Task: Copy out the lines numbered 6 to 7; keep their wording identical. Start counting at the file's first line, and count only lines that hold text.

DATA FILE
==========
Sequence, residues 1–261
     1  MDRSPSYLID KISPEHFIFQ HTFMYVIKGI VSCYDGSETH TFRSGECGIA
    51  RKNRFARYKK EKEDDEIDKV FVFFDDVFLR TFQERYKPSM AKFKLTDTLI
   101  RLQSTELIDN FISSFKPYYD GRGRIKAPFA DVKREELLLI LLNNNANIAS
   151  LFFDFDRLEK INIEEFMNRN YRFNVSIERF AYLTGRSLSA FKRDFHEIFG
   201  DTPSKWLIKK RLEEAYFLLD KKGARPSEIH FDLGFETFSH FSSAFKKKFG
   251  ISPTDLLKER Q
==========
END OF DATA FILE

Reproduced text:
   201  DTPSKWLIKK RLEEAYFLLD KKGARPSEIH FDLGFETFSH FSSAFKKKFG
   251  ISPTDLLKER Q